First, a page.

Through clear and concise language, your employees can concentrate on the job in hand. When they do require help, it will be about the topic or theme and not the way the question is worded.


Stay on point with the latest trends

Owing to the flexible nature of e-learning, changes to learning materials can be made at a moments notice. As a result, there is no excuse for failing to stay on point with the latest trends.

By keeping abreast of industry developments, your employees will be better equipped to deal with challenges that come their way. Out-dated or old-fashioned teaching will only distance and disenchant members of staff further.


Take advantage of emotionally-driven content

Greater engagement is a distinct possibility if learners feel emotionally connected to the subject matter being taught. This link can also help employees absorb and retain information more effectively too.

There are various ways you can do this, from telling intriguing stories with relatable characters to using powerful images and graphics. Just remember that a positive emotional response is much more advantageous than negative feelings or fears.


Enable multi-device learning

Another advantage of e-learning is that it can take place on a myriad of devices. This allows employees to start their training on the commute to work, pick it up again during lunch and finally complete at home in the evening.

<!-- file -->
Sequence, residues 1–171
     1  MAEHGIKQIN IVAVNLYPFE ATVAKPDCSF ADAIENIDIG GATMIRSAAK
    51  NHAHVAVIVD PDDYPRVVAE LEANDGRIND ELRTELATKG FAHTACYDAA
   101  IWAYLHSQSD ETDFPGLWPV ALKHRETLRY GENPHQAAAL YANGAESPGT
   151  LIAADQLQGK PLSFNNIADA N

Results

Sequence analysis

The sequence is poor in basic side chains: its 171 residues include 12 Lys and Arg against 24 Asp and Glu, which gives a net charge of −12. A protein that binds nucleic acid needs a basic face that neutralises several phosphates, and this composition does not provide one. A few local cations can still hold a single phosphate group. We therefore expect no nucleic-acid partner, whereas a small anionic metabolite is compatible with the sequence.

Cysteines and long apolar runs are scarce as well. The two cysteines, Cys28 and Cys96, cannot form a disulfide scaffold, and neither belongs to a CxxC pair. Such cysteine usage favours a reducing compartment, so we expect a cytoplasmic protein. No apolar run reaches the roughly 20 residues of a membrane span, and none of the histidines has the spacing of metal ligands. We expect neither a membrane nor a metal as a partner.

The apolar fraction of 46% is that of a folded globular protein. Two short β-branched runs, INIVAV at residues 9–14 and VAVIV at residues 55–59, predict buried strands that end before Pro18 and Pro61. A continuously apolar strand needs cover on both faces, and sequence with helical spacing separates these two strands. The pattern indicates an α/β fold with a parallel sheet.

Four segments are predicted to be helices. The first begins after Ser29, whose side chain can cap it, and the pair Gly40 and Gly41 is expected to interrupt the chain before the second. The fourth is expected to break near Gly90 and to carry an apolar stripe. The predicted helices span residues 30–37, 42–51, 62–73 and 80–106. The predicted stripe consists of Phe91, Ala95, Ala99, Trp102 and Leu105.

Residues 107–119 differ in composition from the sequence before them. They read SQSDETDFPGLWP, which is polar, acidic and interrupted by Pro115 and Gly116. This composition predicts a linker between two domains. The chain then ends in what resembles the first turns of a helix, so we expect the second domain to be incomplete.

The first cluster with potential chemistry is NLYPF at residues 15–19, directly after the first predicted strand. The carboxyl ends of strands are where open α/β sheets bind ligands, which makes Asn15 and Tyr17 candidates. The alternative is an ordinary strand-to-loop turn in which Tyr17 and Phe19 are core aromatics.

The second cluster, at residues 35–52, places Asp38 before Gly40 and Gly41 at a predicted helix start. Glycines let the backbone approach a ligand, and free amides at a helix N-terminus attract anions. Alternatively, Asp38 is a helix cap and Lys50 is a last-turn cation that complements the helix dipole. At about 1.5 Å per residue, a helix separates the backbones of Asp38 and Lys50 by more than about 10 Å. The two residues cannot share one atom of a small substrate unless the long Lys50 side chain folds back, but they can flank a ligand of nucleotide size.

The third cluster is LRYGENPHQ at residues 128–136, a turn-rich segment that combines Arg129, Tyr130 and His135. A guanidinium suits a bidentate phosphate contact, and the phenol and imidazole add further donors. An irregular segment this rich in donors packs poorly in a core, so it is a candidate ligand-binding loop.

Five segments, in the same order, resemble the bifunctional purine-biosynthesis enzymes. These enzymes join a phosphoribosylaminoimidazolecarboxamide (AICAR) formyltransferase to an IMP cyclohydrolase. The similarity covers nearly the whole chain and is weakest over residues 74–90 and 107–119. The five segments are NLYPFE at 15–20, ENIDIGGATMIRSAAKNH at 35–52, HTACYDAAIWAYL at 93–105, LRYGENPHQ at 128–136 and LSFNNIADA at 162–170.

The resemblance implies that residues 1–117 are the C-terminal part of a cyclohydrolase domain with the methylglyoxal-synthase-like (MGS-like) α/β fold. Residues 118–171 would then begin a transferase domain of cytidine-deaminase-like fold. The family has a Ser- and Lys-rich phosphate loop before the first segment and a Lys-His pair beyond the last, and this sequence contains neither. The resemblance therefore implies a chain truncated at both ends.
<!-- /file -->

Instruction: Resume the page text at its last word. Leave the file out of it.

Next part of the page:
Everybody is different when it comes to learning and some will feel more comfortable doing so in a relaxed environment. Then again, other employees might prefer to participate in training at their desks rather than on their sofa, but you must provide the option.


Don’t overlook the importance of appearance

Even though content is important, the design and aesthetics of e-learning should also be appealing and engaging. This means the proper use of colours, fonts, images, and other multimedia.

A visually stimulating experience, which contains interactive elements, can keep employee interest levels high but also help draw their attention to the most important aspects of the module.


Capitalise on contemporary teaching techniques

In recent years, teaching techniques such as spaced repetition and gamification have proven to be incredibly effective in corporate environments. What’s more, they are perfectly suited to e-learning.

Spaced repetition exploits the fact that we more easily remember or learn items when they are studied over a prolonged period of time, whereas gamification introduces competition and fun to learning.


Always bring it back to the real-world

Through e-learning, you can use all manner of teaching techniques to get your point across. But if this doesn’t relate to the real-world rewards your employees will benefit from, there is little to no point in this type of training.

So, explain how e-learning content will improve or enhance your workforce’s job roles. By reinforcing the purpose of training, members of staff will stay motivated and interested in learning.

Written by: Persia Shahkarami

Persia is passionate about helping organizations improve employee engagement across their professional development initiatives.
Published: 3 Sep, 2015